There are many ways to portray the software development process and its life cycle.
I won’t use the conventional names for the steps and just proceed to explain them due to the differences in the names and number of steps/phases between the different existing methodologies. Basically, we tend to have 5:
Gather information and state what is needed.
Design the software and document it.
Code the desired functionalities.
Look for errors and resolve them.
Deploy the software and give technical support.
These are the 5 basic phases which sometimes are subdivided, which creates more phases.
In my experience in the IT development area, there has always been a weak point which many projects don’t put the enough attention. This weak point is the first phase.
Imagine a house, you have the planes and you start building it.
After the first 2 months you realize many things:
– The ground ins’t as stable as you thought it would be.
– You didn’t consider enough space for the drainage
– You will need one more column because the second floor seems a bit unstable.
– You will need much more construction material than expected.
– You will need 6 more months than expected due to all the changes that will take place.
– Your budget is limited and you can only extend the building project 3 months.
Why did this happen? It wasn’t planned thoughtfully enough. This is what happen on many software projects which don’t give the enough importance to the first phase, then they have to invest more resources and rush in order to get it done as soon as possible. The software ends up patched as the house example with many extra columns to support it. At the end the company invests more resources to have a less quality product because they wanted to start sooner the “real work”. This is a common mistake that can be easily avoided by giving extra time to the first phase. After it is completed, start it over again in order to find holes on it and fix the requirements because it is easier and faster to do it in the planning phase than doing it in the next phases.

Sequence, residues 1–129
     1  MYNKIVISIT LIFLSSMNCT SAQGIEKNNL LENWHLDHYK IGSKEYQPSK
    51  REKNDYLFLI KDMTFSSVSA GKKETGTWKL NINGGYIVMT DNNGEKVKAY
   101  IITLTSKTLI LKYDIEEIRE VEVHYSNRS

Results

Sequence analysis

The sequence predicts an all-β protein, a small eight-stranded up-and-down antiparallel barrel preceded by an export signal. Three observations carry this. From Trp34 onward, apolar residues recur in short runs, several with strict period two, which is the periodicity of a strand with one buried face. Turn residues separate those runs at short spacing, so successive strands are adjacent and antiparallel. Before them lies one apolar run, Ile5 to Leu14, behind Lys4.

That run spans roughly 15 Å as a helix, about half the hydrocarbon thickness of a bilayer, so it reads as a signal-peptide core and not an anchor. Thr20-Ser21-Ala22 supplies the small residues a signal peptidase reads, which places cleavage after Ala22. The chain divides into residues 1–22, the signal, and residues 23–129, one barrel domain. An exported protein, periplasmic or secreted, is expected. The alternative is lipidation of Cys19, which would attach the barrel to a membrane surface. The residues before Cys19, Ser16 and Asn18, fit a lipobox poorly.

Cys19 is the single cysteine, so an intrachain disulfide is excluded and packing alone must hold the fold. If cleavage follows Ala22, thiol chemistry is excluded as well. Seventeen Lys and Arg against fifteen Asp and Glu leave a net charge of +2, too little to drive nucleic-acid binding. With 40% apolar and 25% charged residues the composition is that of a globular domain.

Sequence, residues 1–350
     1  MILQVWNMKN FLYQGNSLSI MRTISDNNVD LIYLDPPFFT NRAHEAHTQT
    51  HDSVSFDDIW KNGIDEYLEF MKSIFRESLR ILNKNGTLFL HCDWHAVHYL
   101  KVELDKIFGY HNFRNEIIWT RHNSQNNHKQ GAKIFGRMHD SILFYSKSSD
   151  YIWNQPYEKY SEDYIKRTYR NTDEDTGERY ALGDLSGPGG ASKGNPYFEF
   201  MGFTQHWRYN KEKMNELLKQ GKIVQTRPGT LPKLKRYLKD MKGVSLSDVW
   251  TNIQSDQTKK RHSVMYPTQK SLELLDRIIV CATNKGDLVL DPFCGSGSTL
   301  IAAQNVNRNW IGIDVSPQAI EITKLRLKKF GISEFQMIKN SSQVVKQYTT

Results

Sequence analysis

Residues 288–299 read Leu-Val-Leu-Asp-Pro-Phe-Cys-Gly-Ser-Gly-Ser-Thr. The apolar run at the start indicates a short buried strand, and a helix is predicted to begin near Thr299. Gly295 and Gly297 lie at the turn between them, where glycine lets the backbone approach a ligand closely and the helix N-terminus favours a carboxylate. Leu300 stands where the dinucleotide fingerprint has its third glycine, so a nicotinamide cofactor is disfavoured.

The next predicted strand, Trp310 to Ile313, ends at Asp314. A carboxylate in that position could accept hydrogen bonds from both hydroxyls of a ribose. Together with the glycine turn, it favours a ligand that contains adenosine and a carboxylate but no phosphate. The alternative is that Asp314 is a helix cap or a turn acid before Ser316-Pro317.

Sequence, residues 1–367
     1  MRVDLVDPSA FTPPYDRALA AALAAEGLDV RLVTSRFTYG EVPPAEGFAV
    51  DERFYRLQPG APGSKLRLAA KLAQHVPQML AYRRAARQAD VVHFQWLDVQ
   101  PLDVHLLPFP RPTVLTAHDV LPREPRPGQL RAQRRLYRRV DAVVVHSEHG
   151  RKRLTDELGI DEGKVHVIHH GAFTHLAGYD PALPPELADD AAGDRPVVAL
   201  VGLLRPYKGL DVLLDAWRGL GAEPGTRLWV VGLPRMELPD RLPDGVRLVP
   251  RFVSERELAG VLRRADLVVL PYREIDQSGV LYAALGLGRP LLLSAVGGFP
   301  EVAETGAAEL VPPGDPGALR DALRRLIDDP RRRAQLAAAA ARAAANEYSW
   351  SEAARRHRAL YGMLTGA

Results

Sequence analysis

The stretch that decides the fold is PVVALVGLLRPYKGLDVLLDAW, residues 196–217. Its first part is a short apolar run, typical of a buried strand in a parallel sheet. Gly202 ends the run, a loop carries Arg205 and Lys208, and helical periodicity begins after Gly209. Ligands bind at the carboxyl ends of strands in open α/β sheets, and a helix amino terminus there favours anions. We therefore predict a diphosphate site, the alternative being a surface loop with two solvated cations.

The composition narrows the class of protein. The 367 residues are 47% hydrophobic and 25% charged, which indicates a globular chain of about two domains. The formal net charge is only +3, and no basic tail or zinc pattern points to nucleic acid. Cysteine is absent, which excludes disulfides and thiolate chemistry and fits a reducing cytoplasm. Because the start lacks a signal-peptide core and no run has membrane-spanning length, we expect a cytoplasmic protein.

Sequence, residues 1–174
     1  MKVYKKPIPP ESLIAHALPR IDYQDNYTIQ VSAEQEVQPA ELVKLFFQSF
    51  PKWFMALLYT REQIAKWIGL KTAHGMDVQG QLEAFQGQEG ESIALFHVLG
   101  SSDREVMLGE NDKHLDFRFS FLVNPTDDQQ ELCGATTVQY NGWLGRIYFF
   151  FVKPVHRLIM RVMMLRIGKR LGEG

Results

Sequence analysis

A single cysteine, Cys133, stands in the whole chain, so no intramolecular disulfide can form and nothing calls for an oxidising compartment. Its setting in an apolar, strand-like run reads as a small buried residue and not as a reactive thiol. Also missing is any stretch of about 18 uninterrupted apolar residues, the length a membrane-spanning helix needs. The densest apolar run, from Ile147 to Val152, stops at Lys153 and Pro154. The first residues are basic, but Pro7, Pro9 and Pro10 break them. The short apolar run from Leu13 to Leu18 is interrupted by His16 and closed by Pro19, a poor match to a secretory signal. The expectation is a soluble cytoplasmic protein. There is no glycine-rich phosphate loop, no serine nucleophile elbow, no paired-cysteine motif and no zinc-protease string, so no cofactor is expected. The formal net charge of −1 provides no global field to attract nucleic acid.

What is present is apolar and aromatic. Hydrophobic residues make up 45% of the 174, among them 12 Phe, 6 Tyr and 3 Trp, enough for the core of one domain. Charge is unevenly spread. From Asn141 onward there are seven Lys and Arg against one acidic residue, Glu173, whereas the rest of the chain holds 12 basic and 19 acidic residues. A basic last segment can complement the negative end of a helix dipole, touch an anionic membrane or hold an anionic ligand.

An example random project budget in resources (time/money):
Planned Total: $23
When you are in the 4th phase, you realize there was a big mistake which with only $1 more on the first phase, but since you are alredy in the 4th phase, that cost will be multiplied:
Extra needed now:
Extra total: $11
New Total: $34
The cost of the project increased a 48% based on the initial cost.
This just an example to show what could happen if something important is forgotten or not taken into account in a software development project. The 48% might look like an exaggeration but I have seen it directly, and it was more than a 48% extra investment which was needed in order to finish the project due to the initial error of overestimating the initial phase.